Ethanol is not without its challenges. It cannot be transported in pipelines and is currently moved in railcars and barges. When used in higher concentrations, which can be as high as 85% it can damage fuel tanks and filters, can cause improper readings on fuel gauges and can corrode iron parts and electrical fuel pumps. It also has problems with high levels of evaporation and only provides 66% of the energy content of gas.

With that said, in the short-term ethanol is one of the only solutions we have to the fact that transportation uses 67% of our nationís petroleum consumption.

Coal Gasification
The 600 traditional coal burning power plants in the US produce 50% of the electricity that we use to run our country. Unfortunately, coal pollutes when it is mined, transported, stored and burned. Using current methods, coal is pulverized and burned to heat up boilers to produce steam that spins turbines that turn generators that produce electricity.

This process is the primary cause of global warming, acid rain and a number of other problems.

In coal gasification the coal is heated to 2000 degrees in a closed environment with steam and a limited amount of oxygen so that it breaks down to its component parts without burning.

A form of natural gas is created that can be burned more cleanly. One of the component parts is carbon dioxide, the primary culprit in the pollution of our world, but it can be captured and pumped underground to revive oil fields or stored underground in caverns. Currently there are several power plants in the US using this new technology known as IGCC, one in Indiana, one in North Dakota and a more modern one in Tampa, Florida. With 300 years worth of coal in existence, this may be the most important current technological advance on our planet.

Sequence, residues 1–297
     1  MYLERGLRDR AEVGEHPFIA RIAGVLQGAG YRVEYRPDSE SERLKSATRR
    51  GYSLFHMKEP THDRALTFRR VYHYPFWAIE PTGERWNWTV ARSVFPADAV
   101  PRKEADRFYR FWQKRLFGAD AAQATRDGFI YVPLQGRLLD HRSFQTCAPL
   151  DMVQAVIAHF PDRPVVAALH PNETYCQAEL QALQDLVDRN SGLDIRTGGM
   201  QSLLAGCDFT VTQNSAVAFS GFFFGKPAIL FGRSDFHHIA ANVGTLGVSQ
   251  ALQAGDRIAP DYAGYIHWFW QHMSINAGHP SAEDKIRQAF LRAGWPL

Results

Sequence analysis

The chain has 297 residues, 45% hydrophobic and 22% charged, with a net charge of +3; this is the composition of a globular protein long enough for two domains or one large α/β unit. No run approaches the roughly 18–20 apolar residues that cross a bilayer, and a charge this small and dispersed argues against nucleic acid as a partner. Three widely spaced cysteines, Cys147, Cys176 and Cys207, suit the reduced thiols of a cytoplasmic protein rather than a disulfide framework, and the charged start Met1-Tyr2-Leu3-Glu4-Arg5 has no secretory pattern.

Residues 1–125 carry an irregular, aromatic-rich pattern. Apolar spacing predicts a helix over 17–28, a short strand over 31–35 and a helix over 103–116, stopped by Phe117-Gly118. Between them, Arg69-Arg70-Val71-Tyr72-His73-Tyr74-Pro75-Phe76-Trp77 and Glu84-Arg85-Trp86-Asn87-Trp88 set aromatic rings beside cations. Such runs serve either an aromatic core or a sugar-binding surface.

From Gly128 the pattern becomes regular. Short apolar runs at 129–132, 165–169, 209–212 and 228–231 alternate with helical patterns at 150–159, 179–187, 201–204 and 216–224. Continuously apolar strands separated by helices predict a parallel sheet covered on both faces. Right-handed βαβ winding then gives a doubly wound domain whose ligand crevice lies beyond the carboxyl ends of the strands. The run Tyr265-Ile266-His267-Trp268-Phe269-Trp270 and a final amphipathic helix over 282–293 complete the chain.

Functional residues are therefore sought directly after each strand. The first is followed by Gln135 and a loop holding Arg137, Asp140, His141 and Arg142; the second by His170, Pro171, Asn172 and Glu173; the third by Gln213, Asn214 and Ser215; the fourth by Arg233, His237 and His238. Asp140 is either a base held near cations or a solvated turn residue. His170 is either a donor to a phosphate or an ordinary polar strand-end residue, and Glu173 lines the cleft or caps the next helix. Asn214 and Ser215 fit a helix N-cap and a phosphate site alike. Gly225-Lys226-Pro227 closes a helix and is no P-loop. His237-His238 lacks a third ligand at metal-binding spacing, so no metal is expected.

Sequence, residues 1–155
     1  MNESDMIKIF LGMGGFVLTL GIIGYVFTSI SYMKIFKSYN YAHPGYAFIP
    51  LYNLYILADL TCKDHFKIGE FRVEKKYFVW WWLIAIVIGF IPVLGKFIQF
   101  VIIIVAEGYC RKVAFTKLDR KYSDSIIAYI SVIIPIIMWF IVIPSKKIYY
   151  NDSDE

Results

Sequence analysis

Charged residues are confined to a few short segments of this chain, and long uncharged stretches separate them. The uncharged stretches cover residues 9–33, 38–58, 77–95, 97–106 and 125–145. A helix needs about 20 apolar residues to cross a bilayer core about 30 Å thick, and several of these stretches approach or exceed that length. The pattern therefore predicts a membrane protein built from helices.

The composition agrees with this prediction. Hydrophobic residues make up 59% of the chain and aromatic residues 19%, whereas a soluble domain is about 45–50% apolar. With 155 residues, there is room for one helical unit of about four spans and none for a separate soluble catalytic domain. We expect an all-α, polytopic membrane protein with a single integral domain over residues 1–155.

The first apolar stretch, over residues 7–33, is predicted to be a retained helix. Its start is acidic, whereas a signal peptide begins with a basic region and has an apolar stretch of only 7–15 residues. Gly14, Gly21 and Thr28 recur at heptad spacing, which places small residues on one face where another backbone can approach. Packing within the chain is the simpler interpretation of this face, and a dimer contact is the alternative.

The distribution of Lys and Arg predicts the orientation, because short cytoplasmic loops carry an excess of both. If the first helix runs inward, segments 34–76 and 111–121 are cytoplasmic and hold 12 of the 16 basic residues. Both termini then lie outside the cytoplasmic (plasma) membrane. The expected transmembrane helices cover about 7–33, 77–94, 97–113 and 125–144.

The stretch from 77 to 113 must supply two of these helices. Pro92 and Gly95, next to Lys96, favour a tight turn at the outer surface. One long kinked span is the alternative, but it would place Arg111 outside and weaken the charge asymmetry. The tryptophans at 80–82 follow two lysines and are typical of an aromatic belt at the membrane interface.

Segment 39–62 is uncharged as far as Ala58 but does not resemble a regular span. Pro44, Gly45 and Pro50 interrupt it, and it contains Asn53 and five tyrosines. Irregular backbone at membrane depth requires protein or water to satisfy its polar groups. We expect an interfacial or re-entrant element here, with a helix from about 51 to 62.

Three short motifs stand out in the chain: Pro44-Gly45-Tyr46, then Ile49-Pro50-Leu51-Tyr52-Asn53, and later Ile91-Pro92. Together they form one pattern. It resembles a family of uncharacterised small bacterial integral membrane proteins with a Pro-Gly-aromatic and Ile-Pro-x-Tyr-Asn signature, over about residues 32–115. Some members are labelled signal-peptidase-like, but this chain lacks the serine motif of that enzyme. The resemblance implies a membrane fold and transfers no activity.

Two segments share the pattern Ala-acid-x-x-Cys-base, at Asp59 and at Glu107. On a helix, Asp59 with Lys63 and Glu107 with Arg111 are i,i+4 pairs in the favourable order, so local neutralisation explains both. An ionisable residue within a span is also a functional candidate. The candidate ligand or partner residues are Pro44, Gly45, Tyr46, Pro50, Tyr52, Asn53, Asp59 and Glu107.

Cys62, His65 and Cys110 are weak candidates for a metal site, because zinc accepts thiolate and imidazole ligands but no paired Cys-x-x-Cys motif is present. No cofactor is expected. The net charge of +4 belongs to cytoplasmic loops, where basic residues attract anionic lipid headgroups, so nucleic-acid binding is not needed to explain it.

Wind Power
Wind power currently provides less than 1% of the worldwide electricity capacity. This source of energy has tremendous potential with the cost to generate it having gone down by 80% over the last 15 years due to technological advances. It is abundant, renewable and clean and is currently growing by 38% per year in the US, faster than any other form of energy generation. The highest levels of wind are found at high altitudes where average wind velocities of 100 mph are not uncommon. But places where winds average over 12.5 mph are economically viable. The best locations are on cliffs or on the ridges of mountains where changes in ground elevation cause an increase in wind speed. The problem with wind is its inability to gear up to meet heavy load demand and the necessity to have backup power production capacity from other sources.

These four sources of energy production are the major alternatives we have today to eliminate our nationís addiction to oil. As newer technologies such as fuel cells become more practical we should see less dependence on fossil fuels like oil and coal that can provide future generations with clean renewable energy.